The World Economic Forum, which is organized in the snow-covered city of Davos, and which extends for more than half a century, is a forum for dialogue and exchange of views on common global challenges. More than 300 public figures participated in it this year, including more than 60 heads of state and government. It also brought together representatives from various sectors.
More than 1,600 business leaders participated in the conference, including 800 senior CEOs, and were joined by 150 global innovators and technology pioneers who are at the forefront of manufacturing industries. They discussed several topics, including the topic of artificial intelligence, which promises a real revolution and multiple uses.
However, experts warn that it also poses risks such as violating private life, defects in algorithms, and others that require regulating this sector, but this is difficult to do in light of the rapid development of these technologies.
Dozens of leading countries in the field of artificial intelligence are trying to establish regulations for the development of artificial intelligence and its use in several fields, including the military field, warning of “unwanted consequences,” such as concerns related to “the issue of human involvement,” in addition to the “lack of clarity at the level of responsibility.”
This year's meetings were organized in a world characterized by the four characteristics of volatility, apprehension, complexity, and ambiguity. There is a serious and unprecedented defect in the international system, and volcanic clouds fill its atmosphere, and its darkness is today a set of proverbs in the east and west of the earth, and its negatives have begun to eat away at its roots, and there is a state of worrying anticipation, and anticipation in the field of international relations often creates political confusion and confusion in priorities, and turmoil in multilateral relations, and the restriction of a realistic view and movement ... and anticipation creates chaos and insecurity, and generates situations of confusion and ambiguity, not to mention that it sometimes generates improvisation in analysis and taking appropriate decisions.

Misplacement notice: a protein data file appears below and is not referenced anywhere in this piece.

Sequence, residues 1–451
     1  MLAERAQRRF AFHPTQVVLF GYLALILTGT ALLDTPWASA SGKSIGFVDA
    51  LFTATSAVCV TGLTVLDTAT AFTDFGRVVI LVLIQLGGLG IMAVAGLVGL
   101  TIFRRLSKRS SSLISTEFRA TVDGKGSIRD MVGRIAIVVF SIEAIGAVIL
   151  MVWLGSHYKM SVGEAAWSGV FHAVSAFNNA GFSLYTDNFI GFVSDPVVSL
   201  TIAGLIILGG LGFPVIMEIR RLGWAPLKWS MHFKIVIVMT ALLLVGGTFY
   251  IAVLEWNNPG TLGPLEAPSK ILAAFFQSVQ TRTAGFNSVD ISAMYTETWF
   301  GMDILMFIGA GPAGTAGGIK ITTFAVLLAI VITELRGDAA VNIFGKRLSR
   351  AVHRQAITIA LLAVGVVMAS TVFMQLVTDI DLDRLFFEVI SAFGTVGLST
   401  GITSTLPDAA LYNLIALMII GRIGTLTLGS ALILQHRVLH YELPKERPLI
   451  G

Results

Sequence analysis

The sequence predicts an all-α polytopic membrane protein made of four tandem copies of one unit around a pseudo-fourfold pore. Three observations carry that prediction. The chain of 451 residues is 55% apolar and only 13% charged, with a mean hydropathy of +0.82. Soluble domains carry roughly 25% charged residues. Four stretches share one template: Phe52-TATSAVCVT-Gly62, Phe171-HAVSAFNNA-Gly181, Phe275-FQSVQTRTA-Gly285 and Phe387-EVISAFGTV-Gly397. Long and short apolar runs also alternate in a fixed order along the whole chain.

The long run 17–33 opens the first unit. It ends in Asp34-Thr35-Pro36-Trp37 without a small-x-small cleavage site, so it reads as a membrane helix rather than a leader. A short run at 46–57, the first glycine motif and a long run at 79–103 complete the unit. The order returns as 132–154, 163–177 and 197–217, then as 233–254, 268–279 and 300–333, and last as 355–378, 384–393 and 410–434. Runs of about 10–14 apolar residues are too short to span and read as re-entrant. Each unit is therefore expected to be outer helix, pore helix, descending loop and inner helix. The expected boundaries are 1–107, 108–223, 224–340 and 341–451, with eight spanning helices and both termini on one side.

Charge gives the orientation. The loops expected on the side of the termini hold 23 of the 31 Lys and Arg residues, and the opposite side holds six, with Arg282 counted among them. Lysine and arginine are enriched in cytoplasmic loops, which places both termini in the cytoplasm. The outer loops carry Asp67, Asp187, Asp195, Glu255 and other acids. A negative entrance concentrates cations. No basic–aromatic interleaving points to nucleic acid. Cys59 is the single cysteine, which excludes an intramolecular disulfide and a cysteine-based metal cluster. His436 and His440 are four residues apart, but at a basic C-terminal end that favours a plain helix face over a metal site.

That is why the organizers of the Davos Forum tried to hold the meetings under the slogan “rebuilding Trust.” This trust is the main rule not only in building the global system, but also in building societies and nations economically and politically. Do not think that I am talking here about our Arab societies, but rather about Western societies whose citizens no longer trust the parties or the representative democracy they used to know; If you take the example of the French, and many other Westerners, they no longer have trust, not only in the traditional parties of the right and left, but in all parties, and this has more than a hundred implications in the sociology of political science with regard to the general political sphere, party ideology, and political action. The issue of trust between the ruler and the ruled, public policies, and so on.
The message that reached everyone is that the impatience of the middle and poor classes in democratic industrial societies may cause an earthquake that will make it difficult to find solutions. Neither the European nor the global economic situation can satisfy the desires of large segments of societies.